Extra, early, or “skipped” beats are the most frequent cause of irregular heart rhythms. These early, extra beats are weak and may not be felt in the chest or in the pulse at the wrist, which is why symptoms are frequently described as “skipped” beats. Extra beats can come from either the upper chambers (premature atrial complexes, PACs), or the lower chambers (premature ventricular complexes, PVCs) of the heart.
Long QT Syndrome (LQTS)
Long QT Syndrome is a disorder of the electrical system in which the heart cells take longer than normal to recover electrically after each heartbeat. It can be inherited, acquired after taking certain medications, or caused by a combination of heredity and medications. People with LQTS may be susceptible to ventricular fibrillation.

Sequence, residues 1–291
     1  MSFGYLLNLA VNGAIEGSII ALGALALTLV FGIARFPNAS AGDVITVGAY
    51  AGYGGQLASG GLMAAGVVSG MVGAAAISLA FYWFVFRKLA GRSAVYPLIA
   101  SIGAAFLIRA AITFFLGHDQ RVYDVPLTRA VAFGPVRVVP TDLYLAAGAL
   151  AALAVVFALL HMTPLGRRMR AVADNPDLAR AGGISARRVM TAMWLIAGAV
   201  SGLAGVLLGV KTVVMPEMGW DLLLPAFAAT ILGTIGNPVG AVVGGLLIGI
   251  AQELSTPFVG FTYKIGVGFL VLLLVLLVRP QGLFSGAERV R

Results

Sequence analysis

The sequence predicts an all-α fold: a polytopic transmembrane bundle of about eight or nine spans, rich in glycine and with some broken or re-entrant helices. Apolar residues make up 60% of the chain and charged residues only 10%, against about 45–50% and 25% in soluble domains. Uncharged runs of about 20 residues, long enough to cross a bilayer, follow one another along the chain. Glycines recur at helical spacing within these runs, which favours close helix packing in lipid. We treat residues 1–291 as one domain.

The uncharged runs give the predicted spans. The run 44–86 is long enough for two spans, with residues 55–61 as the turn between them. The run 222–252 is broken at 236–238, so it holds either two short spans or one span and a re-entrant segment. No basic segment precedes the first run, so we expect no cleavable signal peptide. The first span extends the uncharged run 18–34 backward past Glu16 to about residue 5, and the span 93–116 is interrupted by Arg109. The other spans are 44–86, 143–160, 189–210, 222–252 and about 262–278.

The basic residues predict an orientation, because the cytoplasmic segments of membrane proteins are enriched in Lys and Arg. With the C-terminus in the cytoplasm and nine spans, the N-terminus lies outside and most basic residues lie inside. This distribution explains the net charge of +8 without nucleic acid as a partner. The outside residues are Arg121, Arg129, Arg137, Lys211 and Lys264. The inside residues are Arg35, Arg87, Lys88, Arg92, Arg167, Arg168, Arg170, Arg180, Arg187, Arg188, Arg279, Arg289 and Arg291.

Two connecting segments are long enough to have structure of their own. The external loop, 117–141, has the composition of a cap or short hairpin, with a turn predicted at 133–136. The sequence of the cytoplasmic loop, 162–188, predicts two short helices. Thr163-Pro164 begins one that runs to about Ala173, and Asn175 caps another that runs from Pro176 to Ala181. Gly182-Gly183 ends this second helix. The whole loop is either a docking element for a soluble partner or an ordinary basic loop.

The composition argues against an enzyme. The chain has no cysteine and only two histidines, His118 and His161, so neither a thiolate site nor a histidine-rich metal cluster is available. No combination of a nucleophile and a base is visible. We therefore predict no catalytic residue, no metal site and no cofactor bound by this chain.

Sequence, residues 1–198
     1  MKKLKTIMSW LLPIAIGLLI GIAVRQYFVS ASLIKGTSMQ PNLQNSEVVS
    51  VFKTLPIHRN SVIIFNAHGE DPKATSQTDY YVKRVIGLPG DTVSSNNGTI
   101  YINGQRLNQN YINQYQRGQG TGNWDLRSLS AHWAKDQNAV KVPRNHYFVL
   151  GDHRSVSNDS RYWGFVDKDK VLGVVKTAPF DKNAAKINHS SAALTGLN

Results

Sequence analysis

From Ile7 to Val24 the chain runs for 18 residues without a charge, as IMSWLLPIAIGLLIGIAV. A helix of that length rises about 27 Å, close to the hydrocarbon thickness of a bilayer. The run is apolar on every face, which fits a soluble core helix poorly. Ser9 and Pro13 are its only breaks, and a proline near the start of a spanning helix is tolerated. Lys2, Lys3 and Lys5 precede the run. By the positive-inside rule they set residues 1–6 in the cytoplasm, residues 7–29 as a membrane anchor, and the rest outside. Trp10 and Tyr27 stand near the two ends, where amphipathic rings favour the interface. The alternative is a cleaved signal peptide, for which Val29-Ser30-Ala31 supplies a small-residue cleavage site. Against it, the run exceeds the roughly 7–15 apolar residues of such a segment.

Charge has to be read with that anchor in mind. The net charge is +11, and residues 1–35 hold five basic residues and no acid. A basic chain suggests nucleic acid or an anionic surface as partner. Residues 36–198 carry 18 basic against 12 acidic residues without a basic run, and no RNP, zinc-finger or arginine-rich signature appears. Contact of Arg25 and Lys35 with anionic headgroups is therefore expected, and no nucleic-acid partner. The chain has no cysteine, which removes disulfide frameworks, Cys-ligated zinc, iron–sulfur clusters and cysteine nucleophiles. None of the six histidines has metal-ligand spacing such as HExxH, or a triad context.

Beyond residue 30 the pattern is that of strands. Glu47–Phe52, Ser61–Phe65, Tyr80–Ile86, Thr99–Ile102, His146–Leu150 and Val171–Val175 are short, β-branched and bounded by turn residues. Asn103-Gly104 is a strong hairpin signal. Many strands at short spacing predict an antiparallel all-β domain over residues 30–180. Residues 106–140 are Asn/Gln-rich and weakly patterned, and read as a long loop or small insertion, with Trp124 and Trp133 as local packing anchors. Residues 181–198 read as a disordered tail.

When some or all of the electrical impulses from the upper chambers of the heart are not properly transmitted to the lower chambers, the condition is known as “Heart Block.” Different types of heart block may require different treatments, depending on exactly which part of the conduction system is faulty. If the bottom chambers beat too slowly, symptoms such as fatigue, lightheadedness, or fainting could develop. If the type of heart block is dangerous, or if symptoms result, a permanent pacemaker is the primary treatment.
Fainting, or feeling as if one might faint, can be caused by different conditions, ranging from dehydration to serious heart rhythm disorders, so it needs to be evaluated carefully. Sometimes the cause is not heart-related but still can be dangerous, such as when low blood sugar is to blame. Other conditions can cause a drop in blood pressure and lead to syncope, including medications or certain nerve reflexes to the heart and blood vessels. No matter what the cause, fainting can be dangerous simply because of the potential for injuries from falling.